I made it clear. They would have to transport me out of the commentary box in a wooden box if I did not ever commentate on a British rider winning a MotoGP™ race before I retired. Thanks to Cal Crutchlow, my promise was never put to the test
I had always admired Cal since he arrived in MotoGP™ despite being a little nervous when having to interview him. He just wanted to be a MotoGP™ rider walking away from what would have been a very successful and lucrative World Superbike career. I think even Cal may have doubted he had made the right decision as he struggled in those early days. Typically, he stuck at it and won three MotoGP™ Grands Prix before announcing the finish of his full-time MotoGP™ career to join the factory Yamaha team as their test rider next year.
It was pouring with rain as we arrived at the Brno circuit on the Sunday morning of August 21st in 2016. I had more thoughts of keeping dry as we ran from the car park to the media centre rather than the prospect of a 35-year hoodoo finally being erased. All those thirty-five years ago I had witnessed, reported and celebrated watching Barry Sheene win the 500cc Swedish Grand Prix in Anderstorp. A more contrasting venue in every single way to the magnificent Brno circuit could not be imagined. The circuit doubled up as the local aerodrome with the entrance in a trading estate, surrounded by dark, ominous-looking woods occupied by gangs of Hells Angles during the race weekend. Barry won the 30-lap race for Yamaha with two Dutchman Boet van Dulmen and Jack Middelburg completing the podium at the last race of the season. I remember taking the pictures of Barry and his great partner in crime Marco Lucchinelli with their heads in the same winner’s garland. Italian Lucchinelli’s ninth place was enough to bring him and Suzuki the World title.
That was that. Despite the gallant efforts from the likes of Niall Mackenzie, Jeremy McWilliams and Ron Haslam and even claiming that 1987 World Champion Australian Wayne Gardner was English because he lived in England, a British rider never stood again on the top step of a premier class podium. Barry Sheene had passed away 13 years earlier and I honestly started to believe it was never ever going to happen again, until along came Cal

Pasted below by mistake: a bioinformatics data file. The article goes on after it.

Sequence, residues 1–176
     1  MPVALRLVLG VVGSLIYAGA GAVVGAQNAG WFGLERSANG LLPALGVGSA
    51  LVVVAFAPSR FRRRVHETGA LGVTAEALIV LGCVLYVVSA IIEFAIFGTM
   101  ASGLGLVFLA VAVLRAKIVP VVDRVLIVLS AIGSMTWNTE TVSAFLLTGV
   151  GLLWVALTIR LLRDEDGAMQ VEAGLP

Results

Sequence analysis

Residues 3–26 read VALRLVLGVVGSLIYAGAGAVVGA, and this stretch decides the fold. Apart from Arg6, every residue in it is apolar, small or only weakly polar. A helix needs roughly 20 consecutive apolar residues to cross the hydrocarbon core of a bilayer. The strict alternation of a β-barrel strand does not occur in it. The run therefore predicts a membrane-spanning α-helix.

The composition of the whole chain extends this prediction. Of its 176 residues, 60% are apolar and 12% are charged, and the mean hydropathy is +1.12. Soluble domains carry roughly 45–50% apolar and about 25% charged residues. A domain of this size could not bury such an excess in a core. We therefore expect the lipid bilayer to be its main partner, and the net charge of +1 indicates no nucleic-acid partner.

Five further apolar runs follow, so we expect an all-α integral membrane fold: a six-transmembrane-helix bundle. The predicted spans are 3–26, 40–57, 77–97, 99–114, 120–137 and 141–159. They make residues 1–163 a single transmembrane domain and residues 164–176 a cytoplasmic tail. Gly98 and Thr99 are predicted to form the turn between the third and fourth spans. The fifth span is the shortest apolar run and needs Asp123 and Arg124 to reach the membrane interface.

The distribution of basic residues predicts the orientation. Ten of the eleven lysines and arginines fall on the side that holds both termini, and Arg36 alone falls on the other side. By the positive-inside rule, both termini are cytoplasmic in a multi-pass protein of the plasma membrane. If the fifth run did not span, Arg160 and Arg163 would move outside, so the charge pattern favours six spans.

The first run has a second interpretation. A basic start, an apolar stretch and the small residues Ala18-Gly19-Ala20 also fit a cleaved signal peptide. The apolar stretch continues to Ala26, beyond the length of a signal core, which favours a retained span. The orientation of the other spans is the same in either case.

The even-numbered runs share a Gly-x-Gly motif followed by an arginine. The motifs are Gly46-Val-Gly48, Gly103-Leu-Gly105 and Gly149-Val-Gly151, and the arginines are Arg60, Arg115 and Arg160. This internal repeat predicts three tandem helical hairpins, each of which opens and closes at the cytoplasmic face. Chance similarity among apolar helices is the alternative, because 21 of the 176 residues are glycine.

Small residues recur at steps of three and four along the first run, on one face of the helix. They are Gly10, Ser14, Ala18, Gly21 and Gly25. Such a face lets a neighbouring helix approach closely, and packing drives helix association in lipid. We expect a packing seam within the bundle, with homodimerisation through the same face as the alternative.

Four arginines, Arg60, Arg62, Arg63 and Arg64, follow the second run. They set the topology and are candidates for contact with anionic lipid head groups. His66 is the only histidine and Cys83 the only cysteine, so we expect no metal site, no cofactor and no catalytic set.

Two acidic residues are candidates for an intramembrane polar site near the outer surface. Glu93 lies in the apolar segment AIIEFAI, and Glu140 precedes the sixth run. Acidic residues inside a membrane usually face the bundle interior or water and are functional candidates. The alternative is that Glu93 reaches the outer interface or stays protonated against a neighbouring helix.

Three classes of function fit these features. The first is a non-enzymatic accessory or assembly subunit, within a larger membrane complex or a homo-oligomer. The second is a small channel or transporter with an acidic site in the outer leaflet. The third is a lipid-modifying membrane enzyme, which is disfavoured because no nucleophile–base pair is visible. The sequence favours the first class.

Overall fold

That wet day in the Czech Republic started so well. Scotsman John McPhee won his first Moto3™ Grand Prix in the wet race. The rain had stopped an hour before the start of the 22 lap MotoGP™ race, but the track was still wet. Crutchlow was 15th at the end of the first lap but as the track started to dry, he began racing through the field. I still never envisaged what unfolded in front of me. It was around the 12th lap I had the first inkling that history was about to unfold when he moved into fourth place. I so wanted it to happen, but I was panicking because I had nothing, no facts or figures prepared and so always I just kept talking. Four laps later he was at the front pulling away from the likes Rossi and Marquez who knew something about not only winning Grands Prix, but world titles. Commentating on the last lap with your eyes closed may not be very professional but that’s exactly what I did, peeping through my fingers a couple of times, until Cal reached the hill leading up to that dreaded chicane that leads onto the start /finish straight. Please, please do not crash I prayed, and Cal did not. He was a lot calmer than me in the press conference that followed and then two months later when he won again at Phillip Island in Australia. Barry Sheene would have loved it.
So many thanks Cal. Good luck in the future – and lucky Yamaha.